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dan45mcc

How does Colorado do it ?

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http://e85prices.com/colorado.html

 

For awhile it seemed as if it was just the Western Convience chain that was offering the great 25-30% discount but you look around and see Kum & Go Stations , Farmcrests and Short stop stations etc...  It has to start at the ethnaol Plant and from what I see they are all corn ...

 

Their gasoline tax is 40 cents (including fed) which is slightly higher than normal.. I looked for any tax discounts fro E85 but couldnt locate any if there are..

 

 

 

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Colorado and Corn. I once thought Wi. had lots of corn, But once getting lost on a Co. plateau because there was so much corn I thought I was in a giant corn Maze, And traveling thru Iowa and Nebraska and expecting corn stands ( like kool ade stands ) would be every where to buy sweet corn and nothing. I stopped at a couple farms to ask who had sweet corn for sale and was told to go to Co. all their corn was feed corn or popcorn. So that May be how Co. does it, I had no idea how large corn production was there.  :o  Later.

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I think you'll find that Colorado is a corn-deficient  state.  What ethanol we get for fuel is

 

shipped in from elsewhere.  Cattle feedlots and poultry take up pretty much everything

 

we grow here, and then some.  We're blessed with 300+ days per year of bright sunshine

 

which helps the corn ,  but have little in the way of water to support it.

 

Development along the Front Range is taking alot of the water now, and what was a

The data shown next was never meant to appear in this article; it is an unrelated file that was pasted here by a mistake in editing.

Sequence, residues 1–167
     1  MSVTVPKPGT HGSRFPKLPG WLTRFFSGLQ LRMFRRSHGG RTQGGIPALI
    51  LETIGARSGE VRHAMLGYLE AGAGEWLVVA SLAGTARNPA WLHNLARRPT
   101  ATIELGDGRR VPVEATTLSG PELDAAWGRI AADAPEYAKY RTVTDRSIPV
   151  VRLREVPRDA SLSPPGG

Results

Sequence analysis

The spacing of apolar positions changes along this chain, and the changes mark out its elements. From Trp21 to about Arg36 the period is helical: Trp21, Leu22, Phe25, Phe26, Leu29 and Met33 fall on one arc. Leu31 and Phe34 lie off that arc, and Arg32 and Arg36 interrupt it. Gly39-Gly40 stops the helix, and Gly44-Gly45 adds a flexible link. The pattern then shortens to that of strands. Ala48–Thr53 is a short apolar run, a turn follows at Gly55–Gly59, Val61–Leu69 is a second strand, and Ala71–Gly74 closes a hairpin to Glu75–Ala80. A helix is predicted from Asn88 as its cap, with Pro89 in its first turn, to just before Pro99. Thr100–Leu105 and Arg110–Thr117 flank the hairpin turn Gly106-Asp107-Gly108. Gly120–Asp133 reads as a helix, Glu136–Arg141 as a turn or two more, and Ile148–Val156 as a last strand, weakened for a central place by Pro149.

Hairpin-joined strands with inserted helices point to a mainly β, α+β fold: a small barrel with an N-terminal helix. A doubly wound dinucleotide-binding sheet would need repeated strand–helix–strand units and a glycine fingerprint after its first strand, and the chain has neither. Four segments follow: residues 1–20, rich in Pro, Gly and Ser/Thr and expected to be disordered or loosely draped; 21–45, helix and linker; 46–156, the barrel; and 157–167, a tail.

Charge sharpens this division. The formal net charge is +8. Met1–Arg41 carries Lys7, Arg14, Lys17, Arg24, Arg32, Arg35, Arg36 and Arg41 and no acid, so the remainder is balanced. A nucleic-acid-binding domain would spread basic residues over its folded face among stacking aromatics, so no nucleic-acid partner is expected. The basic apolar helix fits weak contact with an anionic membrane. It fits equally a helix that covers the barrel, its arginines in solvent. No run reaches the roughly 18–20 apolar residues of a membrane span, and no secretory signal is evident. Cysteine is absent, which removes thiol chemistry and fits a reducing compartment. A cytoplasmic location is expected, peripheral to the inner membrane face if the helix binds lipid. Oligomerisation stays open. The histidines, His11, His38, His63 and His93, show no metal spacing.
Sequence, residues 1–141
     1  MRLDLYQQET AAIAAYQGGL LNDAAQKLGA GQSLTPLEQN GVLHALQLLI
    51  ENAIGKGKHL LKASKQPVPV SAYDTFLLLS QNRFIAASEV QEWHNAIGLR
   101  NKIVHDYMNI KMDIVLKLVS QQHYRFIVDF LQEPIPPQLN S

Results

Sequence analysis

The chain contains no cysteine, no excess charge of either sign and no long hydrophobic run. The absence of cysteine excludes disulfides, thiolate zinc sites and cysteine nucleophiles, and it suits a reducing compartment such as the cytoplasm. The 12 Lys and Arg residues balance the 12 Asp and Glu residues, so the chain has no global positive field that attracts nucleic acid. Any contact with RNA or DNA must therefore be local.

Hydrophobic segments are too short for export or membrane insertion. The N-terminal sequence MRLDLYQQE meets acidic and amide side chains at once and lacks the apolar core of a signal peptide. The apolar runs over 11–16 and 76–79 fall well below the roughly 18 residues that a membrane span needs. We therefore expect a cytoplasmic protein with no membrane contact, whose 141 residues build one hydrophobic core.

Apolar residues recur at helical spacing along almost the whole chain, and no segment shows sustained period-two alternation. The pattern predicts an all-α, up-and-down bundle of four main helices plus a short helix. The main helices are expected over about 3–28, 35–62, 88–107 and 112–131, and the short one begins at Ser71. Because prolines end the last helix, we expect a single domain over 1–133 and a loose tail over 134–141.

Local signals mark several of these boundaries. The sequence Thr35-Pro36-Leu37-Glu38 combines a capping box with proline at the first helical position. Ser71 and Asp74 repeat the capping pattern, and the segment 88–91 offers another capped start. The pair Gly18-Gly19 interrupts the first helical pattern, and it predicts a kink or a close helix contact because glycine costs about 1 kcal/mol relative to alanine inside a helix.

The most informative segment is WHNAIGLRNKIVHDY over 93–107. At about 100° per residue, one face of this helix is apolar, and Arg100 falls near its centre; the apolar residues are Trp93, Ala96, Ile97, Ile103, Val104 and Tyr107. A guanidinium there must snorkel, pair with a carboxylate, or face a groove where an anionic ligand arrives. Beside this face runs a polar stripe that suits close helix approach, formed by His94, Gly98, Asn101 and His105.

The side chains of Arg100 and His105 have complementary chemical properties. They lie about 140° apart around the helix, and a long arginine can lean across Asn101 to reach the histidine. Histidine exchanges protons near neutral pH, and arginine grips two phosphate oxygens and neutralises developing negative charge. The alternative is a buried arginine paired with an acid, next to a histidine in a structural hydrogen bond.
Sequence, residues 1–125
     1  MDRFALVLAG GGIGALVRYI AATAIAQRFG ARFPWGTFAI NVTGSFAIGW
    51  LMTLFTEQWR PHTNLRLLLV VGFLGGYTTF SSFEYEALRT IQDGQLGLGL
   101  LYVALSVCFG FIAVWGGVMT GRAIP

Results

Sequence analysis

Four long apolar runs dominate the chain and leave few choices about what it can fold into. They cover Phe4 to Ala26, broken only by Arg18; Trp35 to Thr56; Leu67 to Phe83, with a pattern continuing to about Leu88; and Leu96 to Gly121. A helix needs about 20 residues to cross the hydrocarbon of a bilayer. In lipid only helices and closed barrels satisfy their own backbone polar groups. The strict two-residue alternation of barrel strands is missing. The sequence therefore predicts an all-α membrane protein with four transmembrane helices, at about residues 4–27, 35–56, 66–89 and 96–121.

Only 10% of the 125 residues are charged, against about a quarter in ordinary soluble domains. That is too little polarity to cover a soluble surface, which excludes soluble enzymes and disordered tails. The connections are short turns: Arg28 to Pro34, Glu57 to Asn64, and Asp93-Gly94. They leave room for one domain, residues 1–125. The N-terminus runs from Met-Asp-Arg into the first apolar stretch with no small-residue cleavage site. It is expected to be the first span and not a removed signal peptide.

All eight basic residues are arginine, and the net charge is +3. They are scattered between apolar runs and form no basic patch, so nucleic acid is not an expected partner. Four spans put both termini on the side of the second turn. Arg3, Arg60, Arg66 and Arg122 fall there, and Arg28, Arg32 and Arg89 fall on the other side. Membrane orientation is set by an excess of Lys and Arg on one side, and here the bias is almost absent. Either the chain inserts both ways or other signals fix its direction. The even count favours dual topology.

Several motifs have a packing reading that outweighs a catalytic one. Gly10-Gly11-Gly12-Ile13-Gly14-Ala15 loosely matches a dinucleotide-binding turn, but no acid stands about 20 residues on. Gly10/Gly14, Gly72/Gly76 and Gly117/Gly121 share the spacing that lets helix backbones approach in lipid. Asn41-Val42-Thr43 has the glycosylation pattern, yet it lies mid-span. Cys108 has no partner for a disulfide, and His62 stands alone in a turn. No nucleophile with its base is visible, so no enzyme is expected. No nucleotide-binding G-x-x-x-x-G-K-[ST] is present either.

tenuous water situation between Ag and city populations ( and Kansas , downstream)

 

has now been pushed over the edge.

 

A significant amount of our corn crop ends up as silage, so there's no chance of eeking

 

out any starch content from it, at least not yet. Perhaps this will get some scrutiny now.

 

 

  Of the 3 major ethanol plants now in production in the state, I'm not certain that any of

 

them contribute to the E85 fuel inventory... but I know there is at least one blending

 

terminal operation in Denver... The Western Convenience chain has done a great job

 

  of pricing the product at a competitive rate, and forcing all the other , pretty much,

 

  to follow suit...

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So considering all of that greengenes it becomes even more interesting and noteworthy that they are still able to provide such a great prices spread ..and begs the question if Colorado which needs to import (added costs) all it's grain to make ethanol can keep prices and prices spreads so consumer friendly then why aren't other Midwest States where corn and ethanol plants are aboundant not able/willing to offer as good a deal

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  I guess rather than coming out and asking 'em (Western  Convenience folks) point blank

 

how they do it, I could try to calculate how much E85 we're talking about, and get a feel

 

for what % of product this represents from the local ethanol plants.

 

  If they offer up, say 10% of their production to blending E85 , that'd be 15 M gals/yr.

 

    +40  stations in the state now selling E85 , if each station took  one tanker /week,

 

  we'd be darn near that number already.. Could it be that easy??

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  I actually DID talk to one of the Western Convenience reps a few weeks ago

 

asking him what the prospects were for more E85 on the Western slope of

 

Colorado.  He said there probably won't be much more than is in place now,

 

which means the 3-4 stations that are either in place, or about to be put online.

 

He also was quite troubled by something he couldn't exactly explain , other than

 

to mention it was "political".. I wonder if this is the topic mentioned in the other

 

post, regarding BP snarfing up all the east-coast ethanol... 

 

  I also wonder if this means the end of our spot on  E85prices chart "Top 10"

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